How to Set Right on the Writing Adventure
No. 120 | By Christine Carron
The writing adventure is going to be filled with experiences. Some that delight you. Others not so much. That’s why a robust set of process and mindset tools is helpful. (All your fab craft skills aren’t much use when you're getting sucked into a vortex of gloom.)
Maybe you find yourself spinning about something another writer said about your work, or are getting down about not making as much progress as you had hoped to make, or you feel guilty for being jealous of other writers’ success.
In such situations, you probably feel out of sorts. Out of alignment with yourself, with your writing, and with the world. One of the best tools I’ve found for such moments is the practice of repeating a set of four sentences:
I’m sorry. Please forgive me. I love you. Thank you.
This practice comes from ho’oponopono, a Hawaiian reconciliation process that means to “set right.” I use it whenever I feel discombobulated or when I’ve experienced or been part of a conflict. The effect of repeating these words (either out loud or internally) is immediately calming.
A Process of Taking Responsibility
I can’t remember where I first learned about ho’oponopono—I’ve since experienced it in many different gestalt type trainings—but over time I became increasingly fascinated by it and how effective it is. I devoured every book and online class I could find about ho’oponopono, wanting to understand its deeper roots.
In her Spirituality and Health magazine article about accessing heritage wisdom, Kalia Kelmenson writes that:
Ho'oponopono is a Hawaiian practice of both forgiveness and of taking responsibility. It is a spiritual cleansing practice that . . . is about freedom, and unraveling yourself from the web of disharmony that you think was caused by others.
In the article, Kelmenson shares insights from Jeana Iwalani Naluai, a native Hawaiian, cultural practitioner, and teacher of Hawaiian healing practices, teachings and values.
Naluai describes ho'oponopono as the practice of being in alignment with yourself, with others, and with the divine. "As we go through life, we are faced with different challenges; we bump up against each other. Through that process, over time, we can smooth out some of the rough edges of life's learning curve. One of my teachers said it means to make right more right."
I love the idea of making right more right—and doing so around the rough edges of our learning curves. Writing and the writing adventure both have pretty steep learning curves, and we keep running into new curves as we grow and progress on the journey. And, yes, there will be many opportunities to bump against others along the way. Sometimes one of those present-moment bumpings is enough to throw us out of our equilibrium.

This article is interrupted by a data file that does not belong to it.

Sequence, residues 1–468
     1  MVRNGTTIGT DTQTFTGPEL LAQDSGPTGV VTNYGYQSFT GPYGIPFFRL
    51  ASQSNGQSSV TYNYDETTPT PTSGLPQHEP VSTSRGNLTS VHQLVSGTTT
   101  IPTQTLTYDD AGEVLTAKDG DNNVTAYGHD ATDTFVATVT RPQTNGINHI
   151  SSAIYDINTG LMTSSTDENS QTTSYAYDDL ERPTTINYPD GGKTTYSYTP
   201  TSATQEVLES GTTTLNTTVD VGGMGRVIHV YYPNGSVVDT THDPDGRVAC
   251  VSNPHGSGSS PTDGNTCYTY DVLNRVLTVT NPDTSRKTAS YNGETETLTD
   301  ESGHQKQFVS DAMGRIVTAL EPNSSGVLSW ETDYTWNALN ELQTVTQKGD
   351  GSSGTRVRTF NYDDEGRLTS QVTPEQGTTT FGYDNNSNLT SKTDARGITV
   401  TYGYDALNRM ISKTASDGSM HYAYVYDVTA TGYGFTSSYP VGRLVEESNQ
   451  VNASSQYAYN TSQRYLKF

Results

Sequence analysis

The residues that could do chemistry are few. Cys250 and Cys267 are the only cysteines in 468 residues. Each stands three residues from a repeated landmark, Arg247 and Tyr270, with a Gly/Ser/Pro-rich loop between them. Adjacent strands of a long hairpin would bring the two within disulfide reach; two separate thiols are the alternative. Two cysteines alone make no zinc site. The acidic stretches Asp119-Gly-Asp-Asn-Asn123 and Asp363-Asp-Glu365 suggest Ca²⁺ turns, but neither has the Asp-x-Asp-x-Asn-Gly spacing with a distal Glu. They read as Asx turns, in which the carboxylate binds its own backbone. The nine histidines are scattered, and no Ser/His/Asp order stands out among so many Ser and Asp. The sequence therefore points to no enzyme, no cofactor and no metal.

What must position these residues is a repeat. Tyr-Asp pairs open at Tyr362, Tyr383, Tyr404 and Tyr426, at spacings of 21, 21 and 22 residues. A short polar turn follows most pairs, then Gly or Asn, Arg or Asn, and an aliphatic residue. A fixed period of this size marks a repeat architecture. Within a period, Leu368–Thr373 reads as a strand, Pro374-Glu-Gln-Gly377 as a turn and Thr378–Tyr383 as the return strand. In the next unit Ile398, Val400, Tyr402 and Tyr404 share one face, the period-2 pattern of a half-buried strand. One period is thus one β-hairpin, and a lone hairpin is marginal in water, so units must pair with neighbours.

Other times, a bumping yanks us back into old wounds and patterns that are infinitely more destabilizing then the specifics of the present-moment conflict. In those situations, we are not just wrestling with the tension in front of us but also with hurts from the past and possibly even hidden fears of the future. Ergh.
Ho’oponopono shines in those situations as well. Kelmenson continues:
Ho'oponopono can also be practiced by individuals as a way of "looking at what you have taken in that you have not yet digested." Naluai explains, "When you are feeling irritated with something, it's because you have something you're carrying that is still as of yet undigested. You need to take a look at it and clear it out."
Responsibility as a Path to Response Ability
To regularly renew the grit and gumption needed to stay on the writing adventure, it greatly helps when you take responsibility for your response ability. Part of that process is knowing how to get yourself back to center. Ho’oponopono’s four sentences are a simple, powerful practice of cleaning your energy, digesting the past, so you can move forward with more ease and freedom. It is a practice of both Power and Grace.
In the end, the more tools and practices you have in your writing adventure toolkit, the more response’ability you’ll have when the slings and arrow arrive. Wahoo! You’ve got this!
Kelmenson, Kalia. "accessing heritage wisdom: ANCIENT TEACHINGS LIKE LOMI LOMI AND HO'OPONOPONO HELP HEAL MODERN HURTS." Spirituality & Health Magazine, vol. 23, no. 2, Mar.-Apr. 2020, pp. 36+. Gale General OneFile, link.gale.com/apps/doc/A616788886/ITOF?u=wel&sid=bookmark-ITOF&xid=c359b394. Accessed 3 Dec. 2022.